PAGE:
Ranking the James Bond movie songs! What this is about: https://timsusman.wordpress.com/2013/11/14/an-odd-little-project/
22. Die Another Day, Madonna. Uninspiring song, has little to nothing to do with the Bond movies. Generally agreed by my small survey of friends to be the worst of the Bond themes, and remember, this is a list that includes Shirley Bassey and Tom Jones crooning about “the Moonraker” and “that Thunderball,” respectively.
Die Another Day
Jorgen didn’t register the alarm consciously until he was already two steps outside the greenhouse, joining the hurried, silent crowd on their way back to the living quarters. A few of the newer employees glanced up, as though you could see the weight of two miles of water through the projected blue sky and fluffy white clouds. The blaring horn sounded a rhythm that the crowd fell in step with, though it wasn’t fast enough to match their urgency, so Jorgen found his right foot coming down on each note, his left falling into silence.
In the residential neighborhood, the river of people reversed the process by which it had formed, breaking into streams in each sector, tributaries that held the secured doors open at each building for the people behind them, drops landing in each individual room. As Jorgen nodded to an engineer holding the door of his building for him, their eyes met and Jorgen saw reflected in the older man’s expression his own worry and resignation.
The engineer lived on three, Jorgen on two. When he applied his finger to the scanner at F2-23, his hand trembled. He willed it to stop.
Davis looked up from his seat on their bed, a wan smile across his pale features. Jorgen pushed the door shut and crossed the room in five strides to sit next to the short, blond man. Their hands clasped without a word.
There was something hypnotic to the rhythm of the alarm. In the spaces between the beats came the noise of hurrying feet, opening and closing doors, and the background murmur of the emergency channel from other rooms. Jorgen and Davis kept their radio off during the alarm; listening to the Integrity Team’s chatter about the progress of their work was as pointless as putting on the pressure suits. They would get the all-clear, or they would hear the panic around them a few seconds before the ocean reasserted its presence in this space they had carved out and defiantly held. The pressure suits had only saved fifty-one of the six thousand at the Triton mine when the ocean fell on that bubble, the lucky residents being the ones who happened to be near the airlocks, avoided the swirling mass of debris, and didn’t die of depressurization complications during their ascent to the surface of the ocean.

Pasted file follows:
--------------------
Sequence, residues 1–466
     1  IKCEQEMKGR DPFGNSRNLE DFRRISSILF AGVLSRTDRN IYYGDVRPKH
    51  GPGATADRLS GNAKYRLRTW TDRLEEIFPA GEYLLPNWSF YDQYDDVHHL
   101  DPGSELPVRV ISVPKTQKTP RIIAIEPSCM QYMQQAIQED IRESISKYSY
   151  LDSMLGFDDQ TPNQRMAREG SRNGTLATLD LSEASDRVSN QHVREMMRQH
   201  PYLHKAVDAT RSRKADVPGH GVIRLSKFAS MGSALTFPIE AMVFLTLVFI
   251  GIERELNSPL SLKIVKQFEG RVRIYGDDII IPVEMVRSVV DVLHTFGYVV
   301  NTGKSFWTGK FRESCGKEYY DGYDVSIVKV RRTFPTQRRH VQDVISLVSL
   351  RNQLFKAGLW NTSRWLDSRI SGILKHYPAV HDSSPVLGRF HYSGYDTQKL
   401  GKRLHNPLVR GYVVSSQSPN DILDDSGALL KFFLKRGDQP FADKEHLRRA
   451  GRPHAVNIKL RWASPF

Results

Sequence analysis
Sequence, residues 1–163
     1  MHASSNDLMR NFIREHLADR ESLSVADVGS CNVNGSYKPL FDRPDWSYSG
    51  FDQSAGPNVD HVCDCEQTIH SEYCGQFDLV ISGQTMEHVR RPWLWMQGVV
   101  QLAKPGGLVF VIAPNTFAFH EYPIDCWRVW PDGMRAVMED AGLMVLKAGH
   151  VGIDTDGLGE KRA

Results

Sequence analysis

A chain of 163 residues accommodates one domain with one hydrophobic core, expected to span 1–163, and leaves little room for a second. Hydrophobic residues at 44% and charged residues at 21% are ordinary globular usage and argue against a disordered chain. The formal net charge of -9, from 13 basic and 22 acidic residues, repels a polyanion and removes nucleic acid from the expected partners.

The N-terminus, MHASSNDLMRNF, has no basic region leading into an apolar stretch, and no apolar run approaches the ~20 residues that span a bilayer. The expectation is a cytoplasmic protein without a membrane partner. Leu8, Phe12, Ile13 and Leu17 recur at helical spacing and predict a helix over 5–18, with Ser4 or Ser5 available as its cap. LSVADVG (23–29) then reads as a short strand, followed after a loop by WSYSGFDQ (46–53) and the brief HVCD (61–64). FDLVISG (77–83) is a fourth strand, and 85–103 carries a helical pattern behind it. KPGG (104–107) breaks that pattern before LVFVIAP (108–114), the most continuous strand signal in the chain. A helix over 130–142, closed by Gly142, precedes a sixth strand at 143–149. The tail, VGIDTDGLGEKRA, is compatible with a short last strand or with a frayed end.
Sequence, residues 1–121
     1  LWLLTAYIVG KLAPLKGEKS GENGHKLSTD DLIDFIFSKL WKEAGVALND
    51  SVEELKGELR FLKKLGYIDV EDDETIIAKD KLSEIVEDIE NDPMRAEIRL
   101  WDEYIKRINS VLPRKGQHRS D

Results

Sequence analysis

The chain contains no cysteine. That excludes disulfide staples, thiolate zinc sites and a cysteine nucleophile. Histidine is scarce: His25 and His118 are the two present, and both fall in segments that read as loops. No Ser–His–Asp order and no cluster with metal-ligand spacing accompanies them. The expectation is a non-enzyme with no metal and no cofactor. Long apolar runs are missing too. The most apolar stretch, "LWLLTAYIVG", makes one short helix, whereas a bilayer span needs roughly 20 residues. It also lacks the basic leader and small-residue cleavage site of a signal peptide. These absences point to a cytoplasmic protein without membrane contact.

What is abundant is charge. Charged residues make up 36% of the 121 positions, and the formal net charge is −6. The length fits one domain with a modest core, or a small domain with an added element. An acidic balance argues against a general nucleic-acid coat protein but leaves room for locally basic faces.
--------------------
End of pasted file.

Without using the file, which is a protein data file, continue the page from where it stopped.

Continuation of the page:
Jorgen and Davis, and most of Neptune, preferred to spend their potentially final moments together, some in private rooms, some in small groups in lounges. Theoretically, the undersea installation was compartmentalized, but the inner walls had never been tested against the full rush of the furious ocean.
“How are the plants?” Davis asked.
“Doing well. I think the maples are going to recover. How’s the cafeteria?”
“The dal curry smelled really good.”
Jorgen’s hand stopped trembling. He drew in a breath, caught the hint of spice on Davis’s shirt, and rested his head against the cotton fabric. “I can smell it on you.”
“You smell like dirt.” Davis disengaged his hand and wrapped an arm around Jorgen’s shoulders. Jorgen slid his hand behind Davis’s back and cupped the softness of his stomach.
“You should work out with me.”
“I’ll start tomorrow.”
He could feel Davis’s heart beating, a rhythm out of time with the alarm. Jorgen focused on that, on the warmth of the body beside him, the smell of curry and dish soap, and, yes, the dirt he’d been working with. He closed his eyes and thought about how far he was from everything else, thousands of miles from his family, his hometown, his college, all the people who’d told him he was crazy for taking this job, no matter the money. His arm squeezed Davis, and the other man squeezed him back.
The horn of the alarm changed, sounding three long blasts, then a long, short, long, and then it did not sound again. The space after that signal was the purest silence Jorgen ever heard.
Stirring and rustling sounded around them, the sound of Neptune coming back to life, exhaling after a long held breath. Jorgen lifted his head and kissed Davis’s cheek. “I suppose I’ll get to try that curry after all.”
Davis kissed him back. “I’ll see you there in an hour or so.”
They stood together, crossed the room, and left to go back to work.